Installing Linux on Chromebooks does not work at all, but they have a built-in Debian VM.
MacBooks with M1 or M2 processors currently have the best battery life. Other manufacturers have models that don’t last quite as long, but are perfectly adequate. In the Computer Science Institute, we have many power sockets where you can charge your laptop. Not in the lecture halls, however, if you want to use your laptop there to take notes.
For the longest possible battery life, it’s worth getting a new or used laptop where you can easily replace the battery. A laptop that can be charged via USB-C is also an advantage. If in doubt, you can extend the battery life there with a commercially available power bank. At the moment, AMD CPUs in laptops tend to be more efficient in everyday use than Intel CPUs. However, this can change again and battery life depends on many factors such as load and usage time.
High graphics requirements
If you edit videos or photos, like to game or carry out other graphic-intensive processes, we recommend a computer with a dedicated graphics card. The graphics card should not be too old; a maximum of about 5 years is a rough guide. The available range is very broad and you should inform yourself more precisely so that your requirements are well met. A dedicated graphics card gives you more performance. However, if you use this performance on battery power, be prepared for low battery life.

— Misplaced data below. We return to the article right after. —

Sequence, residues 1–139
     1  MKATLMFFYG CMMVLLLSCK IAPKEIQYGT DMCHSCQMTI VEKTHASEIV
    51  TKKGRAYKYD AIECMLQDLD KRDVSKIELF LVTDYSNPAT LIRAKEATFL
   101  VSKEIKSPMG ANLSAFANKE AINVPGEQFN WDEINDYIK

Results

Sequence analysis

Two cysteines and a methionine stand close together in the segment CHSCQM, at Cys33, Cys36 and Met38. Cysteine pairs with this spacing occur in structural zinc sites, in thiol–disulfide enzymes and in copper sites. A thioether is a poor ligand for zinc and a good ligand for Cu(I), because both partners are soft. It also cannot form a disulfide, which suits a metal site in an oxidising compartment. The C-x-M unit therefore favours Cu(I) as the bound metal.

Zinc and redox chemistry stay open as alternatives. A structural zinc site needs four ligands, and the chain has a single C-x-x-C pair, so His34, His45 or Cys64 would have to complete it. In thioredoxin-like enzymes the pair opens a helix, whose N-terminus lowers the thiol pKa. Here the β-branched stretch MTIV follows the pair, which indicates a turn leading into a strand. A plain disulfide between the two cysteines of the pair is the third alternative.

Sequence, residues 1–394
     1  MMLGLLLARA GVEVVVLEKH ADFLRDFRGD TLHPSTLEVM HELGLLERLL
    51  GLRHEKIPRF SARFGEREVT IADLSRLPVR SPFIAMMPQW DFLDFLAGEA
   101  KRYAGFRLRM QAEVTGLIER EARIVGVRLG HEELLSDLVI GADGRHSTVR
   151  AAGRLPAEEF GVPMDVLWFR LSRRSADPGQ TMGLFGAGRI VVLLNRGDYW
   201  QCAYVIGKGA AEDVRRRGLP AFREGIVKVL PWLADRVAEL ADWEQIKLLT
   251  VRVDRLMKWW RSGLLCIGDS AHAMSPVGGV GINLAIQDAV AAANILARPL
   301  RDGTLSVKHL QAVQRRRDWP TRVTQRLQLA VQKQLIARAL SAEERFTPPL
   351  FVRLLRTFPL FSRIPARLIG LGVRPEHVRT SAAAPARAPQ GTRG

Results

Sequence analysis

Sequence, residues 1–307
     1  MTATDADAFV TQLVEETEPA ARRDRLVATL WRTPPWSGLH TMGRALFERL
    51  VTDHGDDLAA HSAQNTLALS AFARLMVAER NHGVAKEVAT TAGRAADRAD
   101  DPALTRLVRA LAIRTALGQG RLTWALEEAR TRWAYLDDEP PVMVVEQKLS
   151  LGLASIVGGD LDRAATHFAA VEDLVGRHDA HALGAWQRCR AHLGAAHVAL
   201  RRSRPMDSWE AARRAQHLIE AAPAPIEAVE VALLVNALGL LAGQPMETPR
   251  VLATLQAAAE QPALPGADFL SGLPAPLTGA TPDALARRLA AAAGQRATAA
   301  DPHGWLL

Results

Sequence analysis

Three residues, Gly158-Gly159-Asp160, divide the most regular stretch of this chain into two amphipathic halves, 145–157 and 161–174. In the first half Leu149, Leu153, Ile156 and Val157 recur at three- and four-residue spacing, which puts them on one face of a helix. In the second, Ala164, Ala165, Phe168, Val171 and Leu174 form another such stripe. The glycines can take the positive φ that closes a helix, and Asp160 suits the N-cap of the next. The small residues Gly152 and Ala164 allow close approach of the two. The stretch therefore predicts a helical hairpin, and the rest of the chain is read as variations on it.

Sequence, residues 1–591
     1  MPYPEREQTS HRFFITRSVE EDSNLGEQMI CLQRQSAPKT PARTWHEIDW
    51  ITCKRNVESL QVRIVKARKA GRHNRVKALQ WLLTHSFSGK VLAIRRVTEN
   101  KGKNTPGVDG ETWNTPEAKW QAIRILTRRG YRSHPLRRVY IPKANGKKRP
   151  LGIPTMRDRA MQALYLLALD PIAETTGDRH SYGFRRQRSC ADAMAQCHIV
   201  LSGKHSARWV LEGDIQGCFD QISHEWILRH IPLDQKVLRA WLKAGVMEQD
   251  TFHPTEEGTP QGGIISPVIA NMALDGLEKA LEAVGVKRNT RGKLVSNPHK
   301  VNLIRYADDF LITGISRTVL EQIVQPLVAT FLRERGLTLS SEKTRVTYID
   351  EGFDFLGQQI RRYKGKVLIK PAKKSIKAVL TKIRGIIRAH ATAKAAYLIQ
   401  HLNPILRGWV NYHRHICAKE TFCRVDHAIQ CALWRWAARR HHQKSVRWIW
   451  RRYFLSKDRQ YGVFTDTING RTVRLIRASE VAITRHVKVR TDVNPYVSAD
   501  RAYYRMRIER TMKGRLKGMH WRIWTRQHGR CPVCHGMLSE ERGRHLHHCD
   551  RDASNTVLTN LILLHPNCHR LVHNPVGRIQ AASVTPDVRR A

We recommend a laptop with a larger display (at least 14 inches, more likely 15 inches or larger) if it’s your only computer. Working continuously on a small screen can be exhausting. However, this is not absolutely necessary, as you can also connect your computer to one of the screens in our CIP pools. As a general rule, the larger your laptop, the heavier it is to transport.
Well-known manufacturers and model series we have heard good things about
Framework Laptop 13 & 16
Lenovo: Yoga, Ideapad, Legion, X, Thinkpad
Dell: Inspiron, XPS, Alienware, Latitude, Precision
HP: ENVY, Pavilion, Laptop (actually literally called that), Z, Elite, Pro, Essential
Acer: Duro, Swift, Spin, TravelMate, Enduro, Swift, Spin, Aspire
Many of us in the student council use ThinkPads and are satisfied. We also like Framework’s concept of being able to easily repair and upgrade a modular laptop. The low equipment (from about 1250€) is definitely enough. You are well served for the next 5 years. As soon as you reach a limit, there is the possibility to upgrade the respective component.
If you don’t want to spend that much, a used laptop or a Chromebook is a good solution. We have student representatives who have managed their entire studies with old, used laptops. Good choices here are the Lenovo E, X or T 390, 490 and 590 (e.g. X390, E490 or T590). Depending on the specifications, you might be able to find devices listed for 200€ and upwards.
Before you finally decide on a laptop, read reviews and look for common problems with your use cases (e.g. “Problems with virtualisation on M1 MacBook”, “Problems with Ubuntu on Thinkpad X13”, …).